It goes without saying that the correct use of statistics (or any other "science") can be helpful in project management. And, today, project simulation software with plug-ins that integrate statistical tools that work seamlessly with project data make large-scale project modeling seem relatively easy. But, that can be either a blessing or a problem: a blessing when you use this technology to reflect into your model the correct statistical nature of the processes that will be at play in your next project or a problem when you—as so many do—presume incorrectly to know the underlying statistical nature of the processes that will be at play in your next project. What you can know with certainty is the statistical nature of past projects. And, to the extent that your next project is like them, new statistical estimates based on this historical data make a good deal of sense. But, all too often, your upcoming project will have a brand new distribution of possible outcomes, because the nature of its tasks is different, the human and/or other resources are different, and so forth. Before cautioning you further about some of the pitfalls of using statistical tools, I want to say that I am an advocate of using them and, even when their use is not indicated, of thinking in statistical terms about project management.

Figure 3: @Risk for Microsoft Project used to simulate the statistical nature of work, cost, and so on.

The best-known project simulation technique is the Monte Carlo simulation. But, just as Game Theory (another advanced statistical methodology that's used by some of the top poker players) can't guarantee success at cards, Monte Carlo simulation can't guarantee that your project will be finished under budget, ahead of schedule, or with the highest possible quality.

In Monte Carlo simulation, for tasks that are hard to predict, you specify the lower and upper limits of an estimate and choose a probability curve between those limits (refer to Figure 3). Some tasks are renowned for their wide range between the lower and upper limit; for example, debugging code in a software development project.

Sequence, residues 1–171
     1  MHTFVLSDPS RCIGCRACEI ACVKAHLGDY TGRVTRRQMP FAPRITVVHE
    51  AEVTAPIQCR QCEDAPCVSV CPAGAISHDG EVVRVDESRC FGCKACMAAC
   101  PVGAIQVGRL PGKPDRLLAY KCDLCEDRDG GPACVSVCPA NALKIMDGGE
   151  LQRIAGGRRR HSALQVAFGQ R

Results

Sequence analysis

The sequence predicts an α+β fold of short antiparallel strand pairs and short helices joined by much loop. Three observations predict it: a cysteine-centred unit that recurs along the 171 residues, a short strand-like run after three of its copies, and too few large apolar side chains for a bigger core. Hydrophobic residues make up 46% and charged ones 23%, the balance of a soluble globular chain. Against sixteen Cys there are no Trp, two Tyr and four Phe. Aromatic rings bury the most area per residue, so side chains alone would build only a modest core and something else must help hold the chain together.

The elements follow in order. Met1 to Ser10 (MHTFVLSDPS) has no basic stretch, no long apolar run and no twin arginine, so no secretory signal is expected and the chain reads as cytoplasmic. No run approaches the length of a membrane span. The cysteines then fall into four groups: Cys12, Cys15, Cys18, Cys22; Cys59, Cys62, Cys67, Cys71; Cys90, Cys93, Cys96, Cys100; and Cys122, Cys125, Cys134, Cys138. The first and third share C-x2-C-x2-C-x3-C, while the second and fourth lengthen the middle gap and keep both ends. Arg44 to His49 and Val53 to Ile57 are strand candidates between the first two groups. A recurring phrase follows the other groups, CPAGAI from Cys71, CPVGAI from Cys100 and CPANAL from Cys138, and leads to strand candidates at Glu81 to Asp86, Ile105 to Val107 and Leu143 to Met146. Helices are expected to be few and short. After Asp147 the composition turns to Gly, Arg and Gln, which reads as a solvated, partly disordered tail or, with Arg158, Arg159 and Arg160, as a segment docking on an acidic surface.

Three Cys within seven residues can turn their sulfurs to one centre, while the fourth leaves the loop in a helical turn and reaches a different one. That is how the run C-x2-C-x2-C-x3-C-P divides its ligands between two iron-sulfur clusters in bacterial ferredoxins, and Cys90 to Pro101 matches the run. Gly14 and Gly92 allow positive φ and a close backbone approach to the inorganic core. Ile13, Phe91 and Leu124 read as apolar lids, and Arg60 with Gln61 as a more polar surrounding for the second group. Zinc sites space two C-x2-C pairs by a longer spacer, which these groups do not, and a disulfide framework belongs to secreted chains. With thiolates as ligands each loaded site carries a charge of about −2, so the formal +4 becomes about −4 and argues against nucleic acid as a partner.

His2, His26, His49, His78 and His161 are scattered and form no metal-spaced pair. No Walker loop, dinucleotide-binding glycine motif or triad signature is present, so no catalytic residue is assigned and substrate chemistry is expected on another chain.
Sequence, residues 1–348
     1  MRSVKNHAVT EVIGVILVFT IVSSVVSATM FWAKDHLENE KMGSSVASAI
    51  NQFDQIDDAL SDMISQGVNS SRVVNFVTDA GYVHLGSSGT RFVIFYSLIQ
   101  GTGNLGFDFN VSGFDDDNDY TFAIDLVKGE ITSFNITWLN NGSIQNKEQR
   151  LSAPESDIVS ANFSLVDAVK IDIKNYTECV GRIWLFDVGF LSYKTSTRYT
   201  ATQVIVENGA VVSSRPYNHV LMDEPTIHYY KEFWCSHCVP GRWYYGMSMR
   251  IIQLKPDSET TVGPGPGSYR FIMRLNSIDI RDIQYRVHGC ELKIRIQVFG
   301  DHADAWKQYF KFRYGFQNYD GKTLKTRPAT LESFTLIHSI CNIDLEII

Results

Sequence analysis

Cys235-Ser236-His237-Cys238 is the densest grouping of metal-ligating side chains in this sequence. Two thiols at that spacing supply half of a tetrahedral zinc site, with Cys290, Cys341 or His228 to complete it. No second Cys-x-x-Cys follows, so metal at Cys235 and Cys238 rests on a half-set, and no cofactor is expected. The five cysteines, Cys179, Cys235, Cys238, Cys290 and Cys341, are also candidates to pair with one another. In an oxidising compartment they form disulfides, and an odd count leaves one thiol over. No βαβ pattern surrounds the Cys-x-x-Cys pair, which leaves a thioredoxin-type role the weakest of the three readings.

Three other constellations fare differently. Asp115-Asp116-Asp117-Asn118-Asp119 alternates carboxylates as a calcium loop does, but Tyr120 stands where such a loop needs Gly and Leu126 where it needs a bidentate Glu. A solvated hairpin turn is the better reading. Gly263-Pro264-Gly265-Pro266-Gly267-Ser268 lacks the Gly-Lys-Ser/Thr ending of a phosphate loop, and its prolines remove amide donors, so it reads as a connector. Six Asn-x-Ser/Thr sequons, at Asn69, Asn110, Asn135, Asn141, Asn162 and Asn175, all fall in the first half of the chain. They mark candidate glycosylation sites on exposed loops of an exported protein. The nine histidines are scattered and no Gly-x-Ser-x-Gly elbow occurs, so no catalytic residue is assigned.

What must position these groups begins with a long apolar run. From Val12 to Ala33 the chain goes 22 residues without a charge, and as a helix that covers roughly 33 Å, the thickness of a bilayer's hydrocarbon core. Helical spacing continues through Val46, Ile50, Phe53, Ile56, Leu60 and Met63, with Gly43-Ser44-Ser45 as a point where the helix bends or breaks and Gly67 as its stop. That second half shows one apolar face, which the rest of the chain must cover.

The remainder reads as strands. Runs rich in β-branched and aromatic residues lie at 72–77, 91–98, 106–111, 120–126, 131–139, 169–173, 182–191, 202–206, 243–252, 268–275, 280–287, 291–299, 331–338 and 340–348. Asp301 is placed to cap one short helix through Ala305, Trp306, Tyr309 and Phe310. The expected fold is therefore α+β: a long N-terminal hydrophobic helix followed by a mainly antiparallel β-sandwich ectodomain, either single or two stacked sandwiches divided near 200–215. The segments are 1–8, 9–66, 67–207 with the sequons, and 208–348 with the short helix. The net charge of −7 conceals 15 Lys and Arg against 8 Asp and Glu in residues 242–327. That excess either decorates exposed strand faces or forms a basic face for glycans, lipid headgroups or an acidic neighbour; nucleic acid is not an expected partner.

The simulating software generates estimates for all the tasks using these parameters. It uses number generators that produce estimates that comply with the range and the distribution curve you've chosen for the estimate. Then, the Monte Carlo simulator creates the first version of the entire schedule and calculates the Critical Path. The software does this repeatedly and finally calculates average project duration and probabilities for a range of finish dates. Naturally, Monte Carlo simulation can be applied to other sets of random data such as the time-of-arrival of materials or funding. See Reference 3 for further details.

As already stated, one problem with this process is that it depends on your choosing the correct historical data to use for the prediction of future events. And, nothing in your software can account for learning curves—the time required for a person to become effective when applying a new skill. You can, of course, choose the level of probability you feel comfortable with, and derive the project costs, finish date, and so forth, or you can let management choose these probabilities for you. But, humans are notorious for coming up with estimates that are self serving or self deluding.

These shortcomings not withstanding, tools such as @Risk for Microsoft Project from Palisade, Inc. also can answer questions like "What is the probability we will finish on schedule?" using detailed statistics from a simulation. @Risk can give you a critical Indices report on the probability that a task will fall on the critical path, as well. This can identify critical tasks that Microsoft Project alone would miss! Sensitivity and scenario analyses identify the factors and situations that could seriously impact your project. These statistical analyses can help you predict "What are the key factors that could make our project go over budget or past deadline?"